Trailer GVW

Discussion in 'Trucks and Trailers' started by nherweck, Feb 21, 2006.

  1. nherweck

    nherweck LawnSite Senior Member
    Posts: 321

    What does the GVW weight for a trailer stand for? Also...what would that mean? My trailer is 7000 GVW , is that the limit for how much weight can be put on the trailer? What would be so bad about putting more weight onto the trailer? I'd like to be able to put 10,000 lbs of weight onto the trailer if possible. 8,000 minimum, will it work? THANKS!
     
  2. CutRight

    CutRight LawnSite Senior Member
    Posts: 257

    if you're trailer has a 7,000 lb GVW that is the gross vehicle weight rating for the trailer. GVWR= payload on trailer + empty weight of the trailer...
    therefore:
    payload = 7,000 lb GVWR - (empty weight of the trailer)

    10,000 lbs on that trailer is probably pushing it and is illegal for that trailer. also i dont know the laws in Kentucky, but here in CT you need to have a Class A CDL in order to legally tow anything over 10,000 lbs. which is the process i am currently going through.
     
  3. nherweck

    nherweck LawnSite Senior Member
    Posts: 321

    Okay....not quite the answer I was hoping for, haha. I'll check on those laws for towing. Do you think the trailer would hold up to 8000 lbs? If not, I'm sure I can put 1000 lbs of the weight into the actual truck, and leave an even 7000 onto the trailer.
     
  4. BSDeality

    BSDeality LawnSite Silver Member
    Posts: 2,850

    what exactly are you planning on towing?
    what does a 16 year old drive to tow 10K lbs?
     
  5. nherweck

    nherweck LawnSite Senior Member
    Posts: 321

    BSDeality - I plan on towing Rubber Mulch. I've had quite a few people inquire about getting rubber mulch installed. The stuff is SO expensive in my area, so I'm taking a nice drive to pick it up. In my neighborhood, it costs about 300/cu.yd. of rubber mulch as they ONLY sell it in bags. But, I found a few companies in N.Ohio that are about 100/cu.yd, some less, some a bit more. With delivery, it comes to be about a 100 less per yard delivered with a minimum of 10 yards. But if I take the drive, with all gas expenses and the such, it'll save me about 50%. I'm trying to get as much as I can while I'm out there, so I won't have to make many trips. Of course, if I get too many trips, I'll just have all of it delivered on one truck load, but they only use trucks if I get 60+ cu.yd. Right now all I have is a mini truck...which is why I'm shopping around for a beater diesel or an older 1ton truck. I've been wanting to get one, to tow larger loads, and to have as a backup truck, but I really didn't think that was reason enough for it, but now I've been thinking that it'll come in handy this year more often than not, so I'm looking for one.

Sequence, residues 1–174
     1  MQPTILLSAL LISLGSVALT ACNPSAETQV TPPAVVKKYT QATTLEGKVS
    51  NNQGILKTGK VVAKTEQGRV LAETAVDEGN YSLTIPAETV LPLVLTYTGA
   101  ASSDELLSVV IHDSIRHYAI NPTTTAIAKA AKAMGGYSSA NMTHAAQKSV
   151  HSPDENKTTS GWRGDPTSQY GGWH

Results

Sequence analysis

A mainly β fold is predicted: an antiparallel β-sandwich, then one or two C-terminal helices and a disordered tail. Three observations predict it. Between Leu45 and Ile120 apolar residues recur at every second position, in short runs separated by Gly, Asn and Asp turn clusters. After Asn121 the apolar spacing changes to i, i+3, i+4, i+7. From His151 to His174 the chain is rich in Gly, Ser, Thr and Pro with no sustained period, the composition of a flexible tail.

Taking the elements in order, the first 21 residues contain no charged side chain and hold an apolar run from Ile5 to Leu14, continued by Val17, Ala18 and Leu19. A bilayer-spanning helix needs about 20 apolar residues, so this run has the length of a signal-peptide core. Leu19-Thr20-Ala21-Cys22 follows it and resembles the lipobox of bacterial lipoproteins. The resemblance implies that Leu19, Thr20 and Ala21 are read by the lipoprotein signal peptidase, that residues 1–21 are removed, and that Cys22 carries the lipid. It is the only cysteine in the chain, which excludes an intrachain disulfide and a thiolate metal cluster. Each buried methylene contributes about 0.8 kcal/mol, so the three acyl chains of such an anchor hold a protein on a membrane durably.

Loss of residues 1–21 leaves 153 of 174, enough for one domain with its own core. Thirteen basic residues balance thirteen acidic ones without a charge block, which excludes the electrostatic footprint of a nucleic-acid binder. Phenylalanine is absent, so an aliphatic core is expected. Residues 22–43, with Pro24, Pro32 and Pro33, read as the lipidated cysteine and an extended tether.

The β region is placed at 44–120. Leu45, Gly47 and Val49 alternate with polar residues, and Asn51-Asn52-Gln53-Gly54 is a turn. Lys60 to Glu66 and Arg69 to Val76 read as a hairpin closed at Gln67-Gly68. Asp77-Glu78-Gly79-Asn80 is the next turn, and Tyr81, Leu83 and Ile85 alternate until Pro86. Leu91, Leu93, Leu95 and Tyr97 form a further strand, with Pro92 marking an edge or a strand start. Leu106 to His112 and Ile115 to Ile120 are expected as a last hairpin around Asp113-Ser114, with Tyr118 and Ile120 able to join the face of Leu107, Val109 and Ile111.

6. FosterLawnscaping

    FosterLawnscaping LawnSite Member
    Posts: 112

    If your trailer is 7000 gvw it probobly weighs between 1600-1750 empty. You subtract the empty weight from 7000 and thats what your payload is. In your case somewhere around 5250-5400 pounds. 7000 lbs on that trailer is pushing your luck, you'll be over weight legally, and way over on your tires. I've had 7,000 on my 7000 gvw trailer before and I wouldn't want to do it again. Do yourself and everyone else on the road a favor and get the right trailer for what you want to tow. I was in this boat once and now have a 14000 gvw trailer to be right with the law and safe. And for CutRight, yes I have my CDL.
     
  7. BSDeality

    BSDeality LawnSite Silver Member
    Posts: 2,850

    interesting. I would keep searching locally, driving to pick up material like that is a huge PITA, plus pulling (assuming you can do it legally) ~10K lbs with truck fuel (plus insurance, maint) is going to cost big pennys when you're going long distance. fuel will probably run you in the ball park of $.60-$.75/mile for diesel.

    Not to change the subject, but I would never put down rubber mulch in a planted area, it holds heat more and tends to cook roots.
     
  8. FosterLawnscaping

    FosterLawnscaping LawnSite Member
    Posts: 112


    you're saying a diesel gets 3.5-4.5 mpg??? I have 3, 2 fords and a dodge, My dump gets 12 loaded, my 250 gets 22-30 depending on what I'm doing and my dodge gets around 16.
     
  9. BSDeality

    BSDeality LawnSite Silver Member
    Posts: 2,850

    i was thinking several hundred mile trip for him on this excursion say 250 miles away. I was saying based on one way distance, but also including return travel. 250miles @ $.60 mile = 500 miles @$.30

    i have a f350 and get about the same numbers as your loaded dump when i'm towing on the highway. equating to $.20-25/mile. I wouldn't expect a 16yo to be buying a great condition diesel that is going to get great mileage, which is why i went a little higher than my costs.
     
  10. CutRight

    CutRight LawnSite Senior Member
    Posts: 257

    if people wanted rubber mulch and it costs more, i would just sell it for at a higher price. it costs me more, so it woudl cost the customer more. plain and simple. buy it around here or just get it delievered. it wouldnt be worth my time traveling all taht distance just to save money on materials. i would just charge more.
     

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